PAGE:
Black Lives Matter


Isabelle Torres, Staff Writer |

Finding the right words to express the oppression and anger that I have never experienced is not easy, to say the least. I have been privileged to have never experienced the racist hate that is used to discriminate against people of color. There are many fine lines that I would never want to cross, as I will never experience the world in the way a black person in America will. Based on my skin color alone I will never have to worry about my safety or life. I will never know what it is like to be black nor will I ever claim to know, but I will stand in solidarity.

I hear people say they are sick of seeing Black Lives Matter or Blue Lives Matter and they just want this to be over with. Do you change the channel when you hear it on the news, do you aimlessly scroll past that lengthy post on social media, have you read past racism in a textbook? It is a luxury to read and listen and learn about America’s poor history of mistreating black people or the wrongful death of a black person. It is a privilege to never experience the scrutiny of being judged solely on the color of your skin.

In the past months, the Black Lives Movement has made waves in history since the tragic death of George Floyd in May. Since then, there have been numerous wrongful deaths of black people by police. If someone murders another person it is standard to assume the murderer would be arrested and charged, so why is this not happening with the men who killed Breonna Taylor and many more? Protests in support of the Black Lives Matter movement have become frequent and larger as support is growing and people are becoming much more frustrated with the lack of action. Blue Lives Matter supporters have called out the protest as just looting and the destruction of streets. Why do the protests make you angrier than the death of an innocent black person? George Floyd’s last words were “momma I can’t breathe.” No mother should ever have to hear this as they watch their son being murdered. A parent should never have to worry about the life of their child when they leave the house.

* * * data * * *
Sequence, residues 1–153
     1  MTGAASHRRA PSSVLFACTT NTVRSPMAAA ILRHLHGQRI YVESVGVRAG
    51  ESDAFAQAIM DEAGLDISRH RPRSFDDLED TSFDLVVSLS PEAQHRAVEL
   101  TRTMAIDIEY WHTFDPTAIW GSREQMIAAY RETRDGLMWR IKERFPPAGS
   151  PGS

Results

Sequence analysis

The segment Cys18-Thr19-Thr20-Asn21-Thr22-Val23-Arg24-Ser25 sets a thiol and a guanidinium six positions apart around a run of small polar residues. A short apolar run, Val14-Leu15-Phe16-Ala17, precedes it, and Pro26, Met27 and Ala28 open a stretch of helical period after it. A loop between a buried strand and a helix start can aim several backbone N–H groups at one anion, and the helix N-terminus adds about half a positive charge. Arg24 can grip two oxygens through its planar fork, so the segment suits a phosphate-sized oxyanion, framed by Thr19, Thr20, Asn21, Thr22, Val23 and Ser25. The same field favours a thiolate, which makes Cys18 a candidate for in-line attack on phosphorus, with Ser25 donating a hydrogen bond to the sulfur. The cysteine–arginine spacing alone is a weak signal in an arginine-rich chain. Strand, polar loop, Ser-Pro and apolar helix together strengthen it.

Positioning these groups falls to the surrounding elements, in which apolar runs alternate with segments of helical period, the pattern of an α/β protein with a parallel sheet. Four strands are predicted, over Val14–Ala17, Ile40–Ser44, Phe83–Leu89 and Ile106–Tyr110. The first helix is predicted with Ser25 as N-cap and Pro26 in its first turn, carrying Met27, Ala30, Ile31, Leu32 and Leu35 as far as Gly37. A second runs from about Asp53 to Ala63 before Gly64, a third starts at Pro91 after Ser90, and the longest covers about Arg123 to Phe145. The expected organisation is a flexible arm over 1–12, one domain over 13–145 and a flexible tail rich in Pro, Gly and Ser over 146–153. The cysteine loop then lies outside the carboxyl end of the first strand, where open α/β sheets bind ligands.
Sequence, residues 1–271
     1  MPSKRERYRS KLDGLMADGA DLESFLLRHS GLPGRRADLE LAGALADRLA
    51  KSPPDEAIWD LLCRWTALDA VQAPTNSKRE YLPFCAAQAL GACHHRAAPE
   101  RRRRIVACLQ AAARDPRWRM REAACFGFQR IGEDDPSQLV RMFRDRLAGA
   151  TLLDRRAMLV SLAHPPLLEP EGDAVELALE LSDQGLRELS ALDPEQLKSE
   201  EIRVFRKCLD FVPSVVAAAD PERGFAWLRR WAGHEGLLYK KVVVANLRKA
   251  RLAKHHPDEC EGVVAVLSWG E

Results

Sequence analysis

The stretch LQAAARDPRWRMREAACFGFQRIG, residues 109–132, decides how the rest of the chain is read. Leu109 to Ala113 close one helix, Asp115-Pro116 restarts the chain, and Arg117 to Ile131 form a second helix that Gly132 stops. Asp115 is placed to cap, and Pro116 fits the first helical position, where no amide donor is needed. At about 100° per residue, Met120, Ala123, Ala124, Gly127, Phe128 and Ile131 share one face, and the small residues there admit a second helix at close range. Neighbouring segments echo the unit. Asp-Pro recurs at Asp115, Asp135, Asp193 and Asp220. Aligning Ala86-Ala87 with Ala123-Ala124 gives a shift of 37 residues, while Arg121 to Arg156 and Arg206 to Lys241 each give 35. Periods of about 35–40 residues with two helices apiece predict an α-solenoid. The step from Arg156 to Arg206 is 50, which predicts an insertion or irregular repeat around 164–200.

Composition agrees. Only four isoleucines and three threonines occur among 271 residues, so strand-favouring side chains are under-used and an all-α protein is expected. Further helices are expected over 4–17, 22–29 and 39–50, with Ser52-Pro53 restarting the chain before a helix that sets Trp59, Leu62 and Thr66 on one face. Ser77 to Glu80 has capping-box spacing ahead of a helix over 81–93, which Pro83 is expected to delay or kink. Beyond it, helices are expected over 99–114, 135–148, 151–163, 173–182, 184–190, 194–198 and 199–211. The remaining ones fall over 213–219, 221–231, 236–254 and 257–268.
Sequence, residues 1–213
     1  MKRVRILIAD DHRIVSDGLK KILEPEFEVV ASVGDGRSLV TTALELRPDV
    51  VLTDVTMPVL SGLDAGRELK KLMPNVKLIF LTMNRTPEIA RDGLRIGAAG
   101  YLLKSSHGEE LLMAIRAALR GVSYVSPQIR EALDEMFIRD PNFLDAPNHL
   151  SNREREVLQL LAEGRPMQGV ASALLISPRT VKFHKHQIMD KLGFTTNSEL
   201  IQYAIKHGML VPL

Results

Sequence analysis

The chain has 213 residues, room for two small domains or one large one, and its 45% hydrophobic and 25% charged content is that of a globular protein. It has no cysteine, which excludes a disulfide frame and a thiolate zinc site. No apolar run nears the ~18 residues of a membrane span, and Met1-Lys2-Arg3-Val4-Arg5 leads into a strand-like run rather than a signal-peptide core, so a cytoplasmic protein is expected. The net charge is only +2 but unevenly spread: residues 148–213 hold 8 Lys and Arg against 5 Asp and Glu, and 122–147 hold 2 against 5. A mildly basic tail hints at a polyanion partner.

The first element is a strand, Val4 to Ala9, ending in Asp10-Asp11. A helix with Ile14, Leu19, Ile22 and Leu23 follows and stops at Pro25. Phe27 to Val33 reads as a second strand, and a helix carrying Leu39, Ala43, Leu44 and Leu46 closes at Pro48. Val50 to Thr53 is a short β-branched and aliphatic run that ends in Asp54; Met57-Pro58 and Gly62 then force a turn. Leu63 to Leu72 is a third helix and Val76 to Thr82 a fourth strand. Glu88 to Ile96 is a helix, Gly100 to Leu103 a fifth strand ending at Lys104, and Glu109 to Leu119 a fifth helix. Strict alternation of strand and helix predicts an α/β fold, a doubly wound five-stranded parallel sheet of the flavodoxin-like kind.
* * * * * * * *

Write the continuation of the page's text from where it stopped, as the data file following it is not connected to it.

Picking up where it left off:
I have seen white privileged people who know nothing regarding discrimination publicly mock the lives of those who died at the hands of police. People try to dig deep into these victim’s past to justify their deaths as if they have never made a mistake themselves or that their pasts warrant      death. These victims are leaving behind children, parents, spouses, friends and family, people who care for them and love them. Others have wished death upon these black people and praised the cops for doing their jobs. Why would anyone wish death upon someone they have never met? Why is it okay to poke fun at the loss of another person? Do these people have any compassion or empathy? Families are losing loved ones and outsiders feel as those they have the right to judge someone they do not know. Why do they not see the harm in posting a meme about racism not existing anymore?    

When a black person comes home after work, they do not get to simply take off the color of their skin the way a cop has the luxury to take off his blue shirt. Unless you are a smurf, there is no such thing as a blue life. I do not believe that all cops are bad, and I honor that they do not have an easy job. They risk their lives to protect their community and support their families but at the end of the day they signed up for the job, a black person did not sign up to be persecuted.

I was hesitant to bring up this topic, fearing that I would inflict on the feelings or pain people of color must be going through right now. That is my privilege, that all I’m worried about is saying the wrong thing… not my life. I now see that all I must do is offer my support, to speak out and educate those around me who do not understand. I will choose to raise my children to be kind and loving, to vote in support of my morals and to advocate for those that are silenced. This does not feel like taking a political stance but standing up for what I believe in and doing what is right. The end of racism should not be a political debate it should be a basic human right granted to any person of color.

I understand that I will never understand, however, I stand.

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